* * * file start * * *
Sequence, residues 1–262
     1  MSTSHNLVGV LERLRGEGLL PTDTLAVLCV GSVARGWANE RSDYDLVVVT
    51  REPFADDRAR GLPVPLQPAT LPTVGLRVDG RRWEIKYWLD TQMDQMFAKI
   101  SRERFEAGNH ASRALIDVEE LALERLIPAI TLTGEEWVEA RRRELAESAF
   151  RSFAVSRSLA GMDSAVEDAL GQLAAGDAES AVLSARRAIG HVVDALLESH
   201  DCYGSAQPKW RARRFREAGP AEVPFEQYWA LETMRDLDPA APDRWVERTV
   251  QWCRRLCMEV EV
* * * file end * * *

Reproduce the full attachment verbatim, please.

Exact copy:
Sequence, residues 1–262
     1  MSTSHNLVGV LERLRGEGLL PTDTLAVLCV GSVARGWANE RSDYDLVVVT
    51  REPFADDRAR GLPVPLQPAT LPTVGLRVDG RRWEIKYWLD TQMDQMFAKI
   101  SRERFEAGNH ASRALIDVEE LALERLIPAI TLTGEEWVEA RRRELAESAF
   151  RSFAVSRSLA GMDSAVEDAL GQLAAGDAES AVLSARRAIG HVVDALLESH
   201  DCYGSAQPKW RARRFREAGP AEVPFEQYWA LETMRDLDPA APDRWVERTV
   251  QWCRRLCMEV EV